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The Life And Writings Of Saint Patrick -Saint Patrick

We are then told that Patrick went to Fininne, to the north-west of Domnach Mor, a hill from which is seen the country to the north of the Shannon (Luimnech). It is, doubtless, said to be north-west because the traveller goes first to the river, which is to the north from Donaghmore, and then travels west to Fininne. There can be no doubt that it is the hill a little south of Foynes, now called Knockpatrick. It rises to the height of 574 feet over the level of the river, and it is the only hill south of the Shannon from which Patrick could obtain that far-reaching view over the County Clare described in the Life of St. Senan. It is said he viewed the land and blessed it northwards as far as Slieve Elne, and eastwards as far as Echte—now Slieve Aughty, between Clare and Galway. Pointing also ‘to the green island in the west, in the mouth of the sea,’ that is Scattery Island, he foretold how Senan would dwell therein, and be the light of God’s household there, and the head of the counsel of all their country round about. Patrick’s Well is still to be seen at Knockpatrick, and the ruins, or rather the site of the ancient church, is marked on the map, and is surrounded by a very extensive graveyard.

It is probable that there was another Donaghmore in this neighbourhood, and that it was near Patrick’s Well, for it is said in the Life of St. Senan that Bole of the Cinel Dine, King of the Corca Baiscinn, came over the river from the north in a great sea fleet, and invited Patrick to cross Luimnech, and preach and baptise in his country. But Patrick baptised them in the well or in the river, as the Life says, and then blessed themselves and their country from the top of the hill of Knockpatrick. It is more likely this visit took place at Foynes than at Limerick, and that there was a second church called Donaghmore which Patrick founded in that district for the Western Hy Fidgente, which by its description seems to be different from the Domnach Mor Maige Aine referred to before—this is called Domnach Mor Cinel Dine. It was most likely the church whose site may still be traced on the summit of that hill overlooking the rushing tides of the Shannon, and which appears to have been for ages a favourite burying place for the people of that district. It is a very commanding site, rising so high over the river, and affording a noble prospect of the wide-spreading Shannon, with the dark hills of Clare in the distance.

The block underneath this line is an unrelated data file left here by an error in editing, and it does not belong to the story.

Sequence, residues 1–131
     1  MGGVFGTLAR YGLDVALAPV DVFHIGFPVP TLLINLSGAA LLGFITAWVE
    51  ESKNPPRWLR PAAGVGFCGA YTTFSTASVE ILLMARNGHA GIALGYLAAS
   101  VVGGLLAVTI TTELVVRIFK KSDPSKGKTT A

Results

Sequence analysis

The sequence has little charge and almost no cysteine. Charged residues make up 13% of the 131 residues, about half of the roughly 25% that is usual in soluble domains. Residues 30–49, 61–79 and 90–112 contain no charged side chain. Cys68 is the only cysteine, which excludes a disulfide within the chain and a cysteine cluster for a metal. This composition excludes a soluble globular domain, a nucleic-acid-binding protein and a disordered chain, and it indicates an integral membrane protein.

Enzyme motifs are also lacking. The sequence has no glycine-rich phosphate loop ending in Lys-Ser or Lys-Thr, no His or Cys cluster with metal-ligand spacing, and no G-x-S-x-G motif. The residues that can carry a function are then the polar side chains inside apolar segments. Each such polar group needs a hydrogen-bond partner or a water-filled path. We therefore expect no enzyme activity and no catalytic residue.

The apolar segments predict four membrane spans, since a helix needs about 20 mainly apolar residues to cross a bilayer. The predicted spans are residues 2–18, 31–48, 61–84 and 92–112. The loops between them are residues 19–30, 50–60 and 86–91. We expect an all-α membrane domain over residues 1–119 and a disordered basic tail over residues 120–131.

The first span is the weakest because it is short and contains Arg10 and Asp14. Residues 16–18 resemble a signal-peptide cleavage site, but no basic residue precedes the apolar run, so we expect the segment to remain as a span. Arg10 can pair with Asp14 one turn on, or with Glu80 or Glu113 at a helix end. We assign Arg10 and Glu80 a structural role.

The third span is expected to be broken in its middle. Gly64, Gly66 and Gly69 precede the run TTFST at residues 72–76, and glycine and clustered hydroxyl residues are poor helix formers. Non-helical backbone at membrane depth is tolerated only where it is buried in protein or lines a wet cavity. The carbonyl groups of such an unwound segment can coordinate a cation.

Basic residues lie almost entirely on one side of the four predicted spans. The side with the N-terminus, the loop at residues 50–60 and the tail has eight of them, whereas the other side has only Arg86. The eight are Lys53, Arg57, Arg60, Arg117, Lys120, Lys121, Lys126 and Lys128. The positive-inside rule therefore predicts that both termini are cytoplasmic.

From Knockpatrick we are told that Patrick went southwards towards Slieve Luachair, but he did not cross Luachair to go into West Munster. He prophesied, however, of Brenainn or Brendan Maccu Ailte, who was to be born there thirty years afterwards. The text has cxx., but the c. is clearly a mistake of the transcriber for x. As Brendan was born in A.D. 484, this would give us 453 or 454 as the year of Patrick’s preaching in West Limerick, which we know from other sources must be very near the truth. Slieve Luachair was the great range of hills that bound the plain of Limerick on the south, sweeping round in a semicircle from the Shannon at Tarbert, and gradually growing wilder and higher towards Abbeyfeale, east of which they rise up as a great mountain wall all along the south of Limerick to Charleville. Patrick had no desire to bring himself and his family over this wild range into the remoter valleys to the west of Kerry, especially as he knew that Brendan was the destined evangelist of that country in which he was to be born within a period of thirty years. Kerry is one of the two or three counties in Ireland into which St. Patrick never penetrated; Clare is another, and we find few traces of the Saint either in Cork or Waterford, except, perhaps, on their northern borders.






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